The driver was also not acting as agent of the company, because this was private use after the working day had finished.

No contract was formed with the driver because the signs were poor and not visible at night when the tickets were issued.

The paperwork had also not been received within the mandatory time period, and was therefore out of time to establish keeper liability.

The claim was dismissed.

Prankster Notes

There were a number of other flaws with the case, any of which could also have rendered the charges invalid. The signage was forbidding, which would make any contravention a trespass, and the charges invalid as per the rulings in ParkingEye v Beavis [2015] UKSC 67. The UKPC contract appeared to be with a company which was dormant. It was not apparent why UKPC thought they could override the rights of the home owner to park on his own drive.

The operation appeared to be a self-ticketing one, with part of the income from each ticket going to the management company. This would appear to contradict their claim they were dormant.
 which it was decided not to use were not explored.


The claim was handled by Andrew Morgan.

The claim was so flawed that The Prankster questions the judgment of Andrew Morgan for his handling of the case. SCS Law claim to be experts in parking law, but on this showing The Prankster can only conclude that they are completely incompetent.

The buck has to stop somewhere, so the Prankster holds director Len Crowder to account.

If Len is not ensuring Andrew is trained properly, and apparently failing to ensure he has basic knowledge of the law surrounding parking, then this is partly Len's fault too. In the Prankster's opinion Len is failing his duty to his client by filing no-hope claims and taking his client's money without apparently fully appraising them of the risks involved.

Really, if you are holding yourself up to be experts in some area of law, you should at least have basic knowledge of the issues.
We are a firm that specialises in litigation on behalf of private parking companies.
We have issued over 5000 legal proceedings to date in relation to parking tickets and attended over 4000 hearings representing parking companies at court
Happy Parking

The Parking Prankster

Sunday, 17 December 2017

Did you book parking online at Liverpool Airport?

The Prankster has been made aware of a twitter thread from foodwithaface

A parking space was booked online with a company called Liverpool Airport Limited. The car was duly parked at the airport.

On returning from the trip, Foodwithaface found that the vehicle has a windscreen ticket, issued by a different company called Vehicle Control Services. The ticket claimed the vehicle has contravened some new terms and conditions which were not present on the web site.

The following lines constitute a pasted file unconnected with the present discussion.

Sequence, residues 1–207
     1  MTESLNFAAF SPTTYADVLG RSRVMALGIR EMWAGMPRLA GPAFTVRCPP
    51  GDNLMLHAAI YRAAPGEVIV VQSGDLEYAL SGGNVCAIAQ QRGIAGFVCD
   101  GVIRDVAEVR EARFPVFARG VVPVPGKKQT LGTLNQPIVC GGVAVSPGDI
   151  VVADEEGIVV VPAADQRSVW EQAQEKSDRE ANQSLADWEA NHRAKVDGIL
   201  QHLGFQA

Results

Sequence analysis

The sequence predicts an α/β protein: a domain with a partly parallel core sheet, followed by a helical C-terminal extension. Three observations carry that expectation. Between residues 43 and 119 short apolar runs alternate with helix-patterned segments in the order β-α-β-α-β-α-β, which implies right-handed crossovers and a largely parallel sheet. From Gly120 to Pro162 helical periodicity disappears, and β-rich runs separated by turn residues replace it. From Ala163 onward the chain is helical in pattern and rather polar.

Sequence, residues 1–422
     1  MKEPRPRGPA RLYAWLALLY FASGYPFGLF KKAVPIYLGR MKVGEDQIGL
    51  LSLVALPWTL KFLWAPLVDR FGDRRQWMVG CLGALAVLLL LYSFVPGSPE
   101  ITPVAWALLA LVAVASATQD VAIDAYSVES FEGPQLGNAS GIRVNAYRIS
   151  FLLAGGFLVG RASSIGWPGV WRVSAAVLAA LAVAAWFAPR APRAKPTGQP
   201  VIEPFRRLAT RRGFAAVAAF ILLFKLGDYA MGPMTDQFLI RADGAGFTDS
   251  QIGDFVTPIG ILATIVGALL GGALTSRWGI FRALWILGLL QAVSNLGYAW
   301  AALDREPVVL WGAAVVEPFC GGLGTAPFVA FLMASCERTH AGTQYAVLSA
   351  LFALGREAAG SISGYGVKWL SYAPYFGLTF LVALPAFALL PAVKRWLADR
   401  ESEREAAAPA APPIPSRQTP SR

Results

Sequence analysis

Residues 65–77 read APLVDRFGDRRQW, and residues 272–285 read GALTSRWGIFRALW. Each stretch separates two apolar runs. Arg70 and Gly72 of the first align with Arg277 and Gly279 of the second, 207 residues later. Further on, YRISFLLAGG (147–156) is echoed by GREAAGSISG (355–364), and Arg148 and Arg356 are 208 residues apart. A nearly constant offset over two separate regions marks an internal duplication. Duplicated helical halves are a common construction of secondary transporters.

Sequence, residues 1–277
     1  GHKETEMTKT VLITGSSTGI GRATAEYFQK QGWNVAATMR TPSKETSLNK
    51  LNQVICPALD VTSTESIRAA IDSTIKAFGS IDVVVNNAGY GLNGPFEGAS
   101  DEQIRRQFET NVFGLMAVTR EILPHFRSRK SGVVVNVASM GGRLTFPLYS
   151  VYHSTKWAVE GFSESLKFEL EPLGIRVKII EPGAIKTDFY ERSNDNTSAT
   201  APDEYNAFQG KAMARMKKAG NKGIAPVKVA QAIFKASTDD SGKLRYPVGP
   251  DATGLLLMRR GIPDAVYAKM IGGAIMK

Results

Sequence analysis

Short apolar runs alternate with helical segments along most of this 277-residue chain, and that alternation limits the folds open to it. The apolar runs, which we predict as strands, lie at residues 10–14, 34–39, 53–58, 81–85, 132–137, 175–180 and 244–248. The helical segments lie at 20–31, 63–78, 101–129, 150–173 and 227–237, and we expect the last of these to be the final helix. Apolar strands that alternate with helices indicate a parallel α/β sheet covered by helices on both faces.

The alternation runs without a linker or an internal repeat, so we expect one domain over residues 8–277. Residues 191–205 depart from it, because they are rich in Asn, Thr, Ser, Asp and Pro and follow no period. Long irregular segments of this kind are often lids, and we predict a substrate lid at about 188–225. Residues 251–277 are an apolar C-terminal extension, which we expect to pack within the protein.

She therefore appealed to VCS, who as usual dismissed the appeal. The dismissal appeared to have little in common with the actual appeal.

Foodwithaface therefore started a Facebook and Twitter campaign highlighting the problem. After a short time Liverpool Airport relented and cancelled the parking charge.

Prankster Notes

If you have booked online at Liverpool Airport and been issued with a parking charge, then you may have grounds to either get it cancelled; or, if you have paid, get the money refunded.

There are two issues in play here. Firstly, if you have entered into a contract to park with Liverpool Airport Limited, then Vehicle Control Services are not a party to that contract and therefore have no rights to charge to for breach of contract.

Liverpool Airport could of course get VCS to enforce the contract on their behalf - but that is clearly not what is happening - the (not a) parking charge notice claims that VCS are the creditor, and not Liverpool Airport.

The second point is that once you have entered into a contract with somebody, the other party cannot unilaterally alter it. They cannot, for instance, introduce additional terms and conditions which were not originally present.

The terms and conditions do not mention that there is a parking charge for contravening the contract. The ParkingEye v Beavis case in the supreme court shows that it is crucial for the existence and level of any charge to be prominently brought to the attention of the motorist at the time the contract is in force. If it is not, then it is likely to be an unfair term breaching the Consumer Rights Act 2015.

On another level, it is extremely worrying that the DVLA is giving out keeper data to a company who appear to have no rights to request this. The DVLA give this data out without putting any robust processes in place to check that the request is valid and that the company has the right to this data.
This is a clear dereliction of duty by the DVLA and may also be a breach of data protection legislation.


Liverpool Airport changed their terms and conditions on about 7th December. The new text is as follows.

5.2 Customers should park vehicles only within designated bays, within authorized areas and so as not to cause obstruction, failure to park within a designated bay may result in a Parking Charge Notice.